WordPress is a prevalent content management system with thousands of extensions. The simplicity of extending WordPress with plugins and the maintenance of fairly long backward compatibility for extensions when releasing subsequent versions of WordPress has the negative consequence of placing a heavy load on the CPU and server memory.
This is why the generation times for WordPress-based pages – even on powerful servers – often exceed several hundred milliseconds. If you have extensive themes (templates) and a large number of extensions installed, then these times can surpass several seconds. It is worth knowing that times longer than 500ms are already felt by users (to the 500ms needed to generate a page by the web server, one must add the time needed to send it to the browser, display the content and enable the first interaction, e.g. scrolling the page or opening a link) and have a negative impact on the position in Google search results. It is therefore worth ensuring that WordPress-based sites generate faster.
A considerable reduction in page generation time can be achieved, for example, by appropriately configuring the “W3 Total Cache” plugin. Cache mechanisms are responsible for saving frequently used data to disk or memory and reading this data later. It is thanks to them that it is possible to speed up the generation of most pages to a few tens of milliseconds. As a result, the user is able to receive a page up to 100 times faster.
You can install the W3 Total Cache plugin in cPanel or directly in WordPress.
Installation of the plugin in cPanel
On the main page of cPanel, select “WordPress Toolkit”
In the next step, click on the “Plugins” tab and on the “Install” button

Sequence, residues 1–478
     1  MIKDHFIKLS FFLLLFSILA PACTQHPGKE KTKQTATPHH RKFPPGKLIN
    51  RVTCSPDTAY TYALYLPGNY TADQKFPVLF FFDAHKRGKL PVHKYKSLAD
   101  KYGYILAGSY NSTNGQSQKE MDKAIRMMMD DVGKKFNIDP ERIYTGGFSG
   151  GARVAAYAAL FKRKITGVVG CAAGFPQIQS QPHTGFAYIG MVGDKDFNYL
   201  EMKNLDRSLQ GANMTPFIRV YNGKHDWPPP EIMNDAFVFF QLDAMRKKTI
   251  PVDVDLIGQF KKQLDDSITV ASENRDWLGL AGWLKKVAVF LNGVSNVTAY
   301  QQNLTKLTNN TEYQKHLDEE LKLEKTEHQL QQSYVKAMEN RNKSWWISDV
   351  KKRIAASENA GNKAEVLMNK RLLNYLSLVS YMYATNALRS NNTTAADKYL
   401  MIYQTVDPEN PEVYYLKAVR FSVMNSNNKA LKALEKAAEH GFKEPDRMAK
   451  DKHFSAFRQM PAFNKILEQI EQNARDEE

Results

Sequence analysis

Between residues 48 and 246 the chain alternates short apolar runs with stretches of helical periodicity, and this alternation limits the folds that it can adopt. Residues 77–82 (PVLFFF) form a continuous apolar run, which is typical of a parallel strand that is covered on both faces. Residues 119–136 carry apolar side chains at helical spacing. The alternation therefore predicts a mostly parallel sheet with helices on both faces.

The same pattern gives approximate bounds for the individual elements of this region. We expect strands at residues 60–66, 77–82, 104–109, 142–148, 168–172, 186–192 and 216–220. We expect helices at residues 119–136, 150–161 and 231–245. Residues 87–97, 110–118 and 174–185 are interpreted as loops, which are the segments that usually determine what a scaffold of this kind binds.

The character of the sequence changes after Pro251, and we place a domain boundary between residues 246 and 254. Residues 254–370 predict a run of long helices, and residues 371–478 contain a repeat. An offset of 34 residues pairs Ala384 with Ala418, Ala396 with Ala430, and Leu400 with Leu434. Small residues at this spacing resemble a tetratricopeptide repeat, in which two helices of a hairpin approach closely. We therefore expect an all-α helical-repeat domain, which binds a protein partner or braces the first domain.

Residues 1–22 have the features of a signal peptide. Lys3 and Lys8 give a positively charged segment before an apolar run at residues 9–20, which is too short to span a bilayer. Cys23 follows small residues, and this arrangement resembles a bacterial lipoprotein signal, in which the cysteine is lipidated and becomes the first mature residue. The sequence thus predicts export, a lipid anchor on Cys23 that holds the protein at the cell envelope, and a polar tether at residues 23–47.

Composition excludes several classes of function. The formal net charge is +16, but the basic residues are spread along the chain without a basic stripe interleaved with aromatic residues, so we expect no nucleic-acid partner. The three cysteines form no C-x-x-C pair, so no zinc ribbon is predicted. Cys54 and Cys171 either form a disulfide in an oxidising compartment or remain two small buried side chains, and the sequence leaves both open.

Type “W3 Total Cache” in the search field and confirm with the Enter key. Once you have found the plugin, click on the “Install” button.
After installation, the plugin will be visible on the list
In order to configure the W3 Total Cache plugin, you now need to log into your WordPress admin panel and follow the steps described in section 3.
2. Installation of the plugin in the WordPress administration panel
You log in to the admin panel of your WordPress site, the login link is usually: https://mojastrona.pl/wp-admin
After logging in, in the menu on the left, click on the item “Plugins” and then on “Add new”.
On the add plugins page, type the search term “W3 Total Cache” into the search engine on the right hand side, confirming it with the “Enter” key. Once you have found the “W3 Total Cache” plugin, click on the “Install” button visible on the tab for this plugin.
Once the plugin is installed, do not forget to press the “Enable” button – without this step, the “W3 Total Cache” extension will not work.
3. Configuration of the W3 Total Cache plugin
The W3 Total Cache plugin functions best on WordPress with direct links created from post names. Therefore, to ensure that this option is enabled, click on ‘Settings’ in the menu and then on “Direct Links”. Here, the “Entry name” option should be ticked – if it is not, tick it and save the changes.
Once the plugin has been installed and enabled, you will see the “Performance” item in the left-hand menu. Click on it and then on “Setup Guide”.
On the first page of the configurator, click on the “Next” button.
Step 1 – Page Cache
On the second page, select the mechanism for saving entire pages, whereby most pages will not be generated every time they are refreshed, but only when their content changes. This gives a very high speed of page loading because the server sends the previously generated page to the browser instead of creating it from scratch.
After clicking on the ‘Test Page Cache’ button, the plugin will test the TTFB times, i.e. the times from sending the request for an HTML document to receiving its first “chunk”. The test is carried out by using the available storage methods and will show the results in the form of a table. The smaller the time, the better. If the times differ by single milliseconds, the test can be run several times. The result is affected not only by the chosen data storage method but also by the server load, which can vary during the test execution.